And closer to the heart of a seething red tide the likes of which Ulyana had never seen.

Despite the rising, thickening, furious biomass all around them, the bridge was quiet.

Eerie as it was, there was an even more eerie sight which had shaken them all.

“Zachikova was clearly affected by the death of that creature.” Ulyana said gravely.

“I’m honestly affected too.” At her side, Aaliyah patted her shoulder, briefly but gentle.

They had all seen it on the main screen. It still felt like it couldn’t have been real.

At Lichtenberg’s command, a strange projectile was fired at the Brigand. That glowing purple bolt would have punched right through their armor, in one way and out the other. It was clearly some kind of agarthicite weapon, a design so evil it was unconscionable it existed. Agarthicite was the life blood of their society, but when disturbed, it could vaporize almost any kind of matter in an instant. Without ultra-dense Osmium or a miracle, that purple projectile would have bifurcated them like a hand tearing paper.

They owed their lives to that creature Zachikova had discovered, and its curious, tragic humanity.

There was no way they could have prompted it, commanded it to do such a thing.

Whatever anyone had to say about animal intelligence– it chose to sacrifice itself.

“It saved us. It really gave its life for us. What animal would do that?” Aaliyah said.

“Leviathans are pretty mysterious.” Ulyana said. She sighed. “To think that’s what it took to survive.”

“It was a miracle.” Aaliyah said. “Don’t blame yourself. We did what we could.”

“It wasn’t enough.” Ulyana raised a hand to her forehead, feeling a coming headache.

At that moment, the cat-like ears of sonar operator Fatima al-Suhar visibly perked up.

She stood up from her station, an incredulous look on her face. Ulyana took notice.

“What’s wrong now?” Ulyana asked wearily. When it rained, it truly fucking poured.

Fatima took a moment to respond. “Biologics. All kinds of biologics. Strange ones.”

As she spoke, there was a red warning flash on the main screen.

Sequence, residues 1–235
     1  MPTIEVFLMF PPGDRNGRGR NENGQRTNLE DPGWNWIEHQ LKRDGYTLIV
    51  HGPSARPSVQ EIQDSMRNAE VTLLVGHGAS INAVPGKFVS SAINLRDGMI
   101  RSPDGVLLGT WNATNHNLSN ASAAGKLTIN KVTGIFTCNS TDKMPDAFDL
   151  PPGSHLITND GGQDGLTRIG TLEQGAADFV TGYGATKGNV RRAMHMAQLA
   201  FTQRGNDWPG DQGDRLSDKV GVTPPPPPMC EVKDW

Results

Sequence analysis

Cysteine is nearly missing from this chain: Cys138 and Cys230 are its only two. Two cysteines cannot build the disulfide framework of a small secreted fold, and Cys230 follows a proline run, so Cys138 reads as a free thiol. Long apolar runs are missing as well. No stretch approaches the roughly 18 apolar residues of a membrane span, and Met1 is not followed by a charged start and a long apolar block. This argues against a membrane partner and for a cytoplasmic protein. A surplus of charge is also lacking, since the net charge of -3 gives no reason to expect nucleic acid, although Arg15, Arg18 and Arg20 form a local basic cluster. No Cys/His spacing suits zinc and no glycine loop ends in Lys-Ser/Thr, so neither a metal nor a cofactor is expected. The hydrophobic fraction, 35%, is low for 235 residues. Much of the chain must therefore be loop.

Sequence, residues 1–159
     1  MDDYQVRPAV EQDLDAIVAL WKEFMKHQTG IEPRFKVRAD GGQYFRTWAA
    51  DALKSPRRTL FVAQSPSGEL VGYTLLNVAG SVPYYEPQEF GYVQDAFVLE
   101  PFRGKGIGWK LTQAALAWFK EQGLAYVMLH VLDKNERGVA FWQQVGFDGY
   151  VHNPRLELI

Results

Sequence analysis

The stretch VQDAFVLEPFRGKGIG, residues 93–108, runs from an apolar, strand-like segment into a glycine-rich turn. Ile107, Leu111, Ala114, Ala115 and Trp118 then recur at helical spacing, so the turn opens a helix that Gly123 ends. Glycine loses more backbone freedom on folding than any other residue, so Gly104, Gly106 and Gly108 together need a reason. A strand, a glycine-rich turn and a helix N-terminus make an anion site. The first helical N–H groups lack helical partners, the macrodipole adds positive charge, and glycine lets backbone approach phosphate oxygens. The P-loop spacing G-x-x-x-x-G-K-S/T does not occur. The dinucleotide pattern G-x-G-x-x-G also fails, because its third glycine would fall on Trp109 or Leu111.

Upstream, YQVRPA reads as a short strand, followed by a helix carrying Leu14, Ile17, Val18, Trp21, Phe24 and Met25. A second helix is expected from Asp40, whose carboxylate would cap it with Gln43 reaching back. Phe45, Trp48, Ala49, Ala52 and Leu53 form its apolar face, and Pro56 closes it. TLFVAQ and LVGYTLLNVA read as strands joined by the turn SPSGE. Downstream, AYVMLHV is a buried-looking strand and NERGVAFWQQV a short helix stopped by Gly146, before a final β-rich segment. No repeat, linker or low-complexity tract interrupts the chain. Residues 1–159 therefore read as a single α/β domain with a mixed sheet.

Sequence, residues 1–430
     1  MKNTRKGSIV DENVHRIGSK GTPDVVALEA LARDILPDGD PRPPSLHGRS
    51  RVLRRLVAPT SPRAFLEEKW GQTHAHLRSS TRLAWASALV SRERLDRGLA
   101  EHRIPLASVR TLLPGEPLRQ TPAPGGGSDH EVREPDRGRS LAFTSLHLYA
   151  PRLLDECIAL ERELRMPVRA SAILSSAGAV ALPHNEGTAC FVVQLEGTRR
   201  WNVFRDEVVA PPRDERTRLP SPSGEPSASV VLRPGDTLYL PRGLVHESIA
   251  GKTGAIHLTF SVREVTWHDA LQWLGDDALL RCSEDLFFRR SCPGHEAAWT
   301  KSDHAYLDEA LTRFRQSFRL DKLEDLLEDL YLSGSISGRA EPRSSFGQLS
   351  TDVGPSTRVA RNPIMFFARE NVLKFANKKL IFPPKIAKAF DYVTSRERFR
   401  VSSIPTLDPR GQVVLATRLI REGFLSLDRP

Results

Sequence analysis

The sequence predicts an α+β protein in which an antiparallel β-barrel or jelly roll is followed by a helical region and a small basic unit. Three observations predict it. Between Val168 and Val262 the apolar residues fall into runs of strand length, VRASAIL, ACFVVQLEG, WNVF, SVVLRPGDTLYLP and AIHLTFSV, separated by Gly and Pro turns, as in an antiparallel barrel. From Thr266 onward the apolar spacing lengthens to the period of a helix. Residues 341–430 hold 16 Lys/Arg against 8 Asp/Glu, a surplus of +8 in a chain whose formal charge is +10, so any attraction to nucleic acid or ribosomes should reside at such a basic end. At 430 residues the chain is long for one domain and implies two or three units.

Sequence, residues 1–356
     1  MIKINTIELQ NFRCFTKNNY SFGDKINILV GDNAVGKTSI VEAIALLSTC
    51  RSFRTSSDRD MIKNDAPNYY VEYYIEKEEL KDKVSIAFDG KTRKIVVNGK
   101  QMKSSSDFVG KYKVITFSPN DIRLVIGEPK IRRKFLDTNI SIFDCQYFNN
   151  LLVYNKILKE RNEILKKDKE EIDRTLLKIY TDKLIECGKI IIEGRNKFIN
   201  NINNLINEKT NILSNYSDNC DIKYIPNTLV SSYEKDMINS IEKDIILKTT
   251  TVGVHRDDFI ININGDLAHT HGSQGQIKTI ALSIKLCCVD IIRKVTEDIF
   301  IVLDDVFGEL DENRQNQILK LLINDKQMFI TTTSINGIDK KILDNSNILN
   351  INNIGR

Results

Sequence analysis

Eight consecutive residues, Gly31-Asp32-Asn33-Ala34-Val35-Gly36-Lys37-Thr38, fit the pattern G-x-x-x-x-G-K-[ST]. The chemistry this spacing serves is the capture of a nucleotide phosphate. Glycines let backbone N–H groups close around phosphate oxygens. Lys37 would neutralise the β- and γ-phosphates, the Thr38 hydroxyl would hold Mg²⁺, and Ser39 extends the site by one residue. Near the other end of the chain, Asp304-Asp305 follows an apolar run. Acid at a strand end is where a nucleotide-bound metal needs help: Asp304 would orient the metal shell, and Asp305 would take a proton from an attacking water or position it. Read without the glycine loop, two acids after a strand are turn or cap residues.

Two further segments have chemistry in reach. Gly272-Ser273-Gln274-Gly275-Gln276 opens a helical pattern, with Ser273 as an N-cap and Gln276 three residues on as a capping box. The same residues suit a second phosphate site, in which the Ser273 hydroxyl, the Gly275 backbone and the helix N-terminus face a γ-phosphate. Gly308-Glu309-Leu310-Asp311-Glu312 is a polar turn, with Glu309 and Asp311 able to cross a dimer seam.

Their predictive computer drew a box around an area of the Gorge off of the side cameras.

There, it struggled pixel by pixel to render what seemed like a gigantic shadow within the red and brown cloud. Though the computer tried to label this a “dreadnought” none of the officers watching the main screen with deep held breaths could possibly believe that, seeing what looked like a distant unfurling of enormous wings, the stretching of a pointed, horned head at the end of a neck on a massive body.

From its mouth a roar unleashed that left no doubt about its provenance.

This was a Leviathan– a Leviathan larger than the Iron Lady, rising from Goryk Gorge.

And the predictive imager, able to count on only its sonar, marked dozens of target boxes around it.

These subordinates mustering around the massive Leviathan it labeled as Divers.


Previous ~ Next

Bury Your Love At Goryk’s Gorge [8.13]

“Huh, what’s going on over there?”

There was a strange commotion across the hall. At first it had only been a few students who had stood around to ogle the girl at the end of the hall, until more and more people realized what had happened back there. That she had chained herself intricately to the handles of the sliding door. This could not by itself prevent the door from being closed or open. It was an automatic door that could be remotely operated and even pressurized under emergencies, so the mechanisms boasted a lot of strength.